Sunrise today was at 7:44, sunset will be at 4:59. There's still light in the sky at 5:30 pm!
KUOW's Steve Sher is doing a story about the first record album bought with your own money. Many memories popped into my head about my first record: The Monkees were the first band I fell in love with, as well as the first album bought for me (we had little spending money so Mom included our music in her selections-thank you, Mom).
To this day I recognize the opening notes of every song on this record. I took it with me from Eugene to Eureka the summer it came out, afraid that the t.v. show wouldn't be on and I'd need the relief of Davy's face on the record cover while I waited to go back home to a television where The Monkees were always on at a specifically designated time and day. Never mind that Grandma and Grandpa didn't have a record player.
I'd lie in the attic bed, dreaming that, because we were, after all, in California, we'd just happen across Davy Jones and he'd drop that blond bikini-ed bimbo hovering over him on the back of the record, opting instead for a girl of 10 with long straight brown hair and glasses, seeing something in me he would wait for. Maybe I'd eventually fill a bikini and walk on the sand with him, holding hands in the sunset. Oh, my god, the yearning in my soul for him, his starry eyes and his accent.
I am back from Washington, DC, Arlington, actually, where we spent a few extremely cold days and nights at The Winter Institute, an educational and fun event all about books, bookselling, business, and friends. We (Robert Sindelar, Michael Coy, and I) learned a lot and ate a lot, met many new people and reconnected with old friends and collected lots of new books. I pretty much concentrated on the children's book side of things, can't help it, I like kids' books, and have sent boxes of new authors' books home to review and then to share with customers and you, dear reader.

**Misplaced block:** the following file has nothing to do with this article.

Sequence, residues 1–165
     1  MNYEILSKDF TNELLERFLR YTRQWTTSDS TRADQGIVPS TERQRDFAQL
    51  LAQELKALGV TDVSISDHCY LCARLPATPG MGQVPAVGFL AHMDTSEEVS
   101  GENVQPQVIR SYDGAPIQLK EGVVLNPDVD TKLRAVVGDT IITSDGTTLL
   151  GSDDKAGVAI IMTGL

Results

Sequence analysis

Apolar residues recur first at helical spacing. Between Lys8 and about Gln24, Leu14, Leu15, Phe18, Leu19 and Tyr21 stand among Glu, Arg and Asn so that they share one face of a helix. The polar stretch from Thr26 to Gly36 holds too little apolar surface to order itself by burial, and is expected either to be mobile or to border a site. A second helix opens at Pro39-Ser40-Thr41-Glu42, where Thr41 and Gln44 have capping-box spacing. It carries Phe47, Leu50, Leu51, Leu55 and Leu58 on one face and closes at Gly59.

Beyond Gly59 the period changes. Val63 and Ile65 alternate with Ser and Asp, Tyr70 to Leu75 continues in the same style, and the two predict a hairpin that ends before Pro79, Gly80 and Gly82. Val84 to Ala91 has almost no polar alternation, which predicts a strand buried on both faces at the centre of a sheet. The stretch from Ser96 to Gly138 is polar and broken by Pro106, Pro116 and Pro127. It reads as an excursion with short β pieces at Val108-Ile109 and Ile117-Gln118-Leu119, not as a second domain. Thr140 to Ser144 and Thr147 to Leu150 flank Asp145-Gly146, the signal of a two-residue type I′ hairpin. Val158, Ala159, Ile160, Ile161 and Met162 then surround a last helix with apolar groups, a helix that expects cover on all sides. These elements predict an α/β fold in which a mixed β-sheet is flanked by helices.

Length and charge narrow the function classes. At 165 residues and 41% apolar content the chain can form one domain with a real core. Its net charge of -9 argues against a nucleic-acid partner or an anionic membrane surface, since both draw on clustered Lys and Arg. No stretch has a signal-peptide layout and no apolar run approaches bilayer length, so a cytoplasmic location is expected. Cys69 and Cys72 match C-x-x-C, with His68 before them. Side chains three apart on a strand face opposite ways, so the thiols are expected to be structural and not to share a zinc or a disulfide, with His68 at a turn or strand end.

One of the best parts of the Institute is the Speed Dating part: Many publishers present as many books as they can in 15 minutes, moving on and presenting again. It gives booksellers a broad swathe of genres and favorites to investigate afterward. The next best part is meeting those books' authors at the receptions that separate the educational parts of the day and the following dinners with other booksellers and authors. Wine, books, dessert, mmmmm... nothing better.
One of the authors I was really excited to meet was John Stephens. He was a writer for The Gilmore Girls, produced Gossip Girls, but has written his first kids' book called The Emerald Atlas. I was in the middle of this book when I left for DC and then finished it last night.
This is going to be huge, kids! Put it on your list of books to buy, get a first edition, as soon as you can. It is the story of three children, they might be orphans, who are sure their parents will be back for them. In the final orphanage, the last and worst orphanage that will take them, they embark on a journey and quest that will take them back and forth in time, in and out of people's lives, searching always for home and family. It is a great story, filled with adventure and danger, a good deal of humor, smart and brave children, horrible, evil adults, and magic, magic everywhere. It feels a little like Narnia, has good language and pacing, great story for both genders...I LOVED it! I can't wait for the next one!
Age 9 and up. The Emerald Atlas will be available April 5, 2011, published by Knopf. $17.99.
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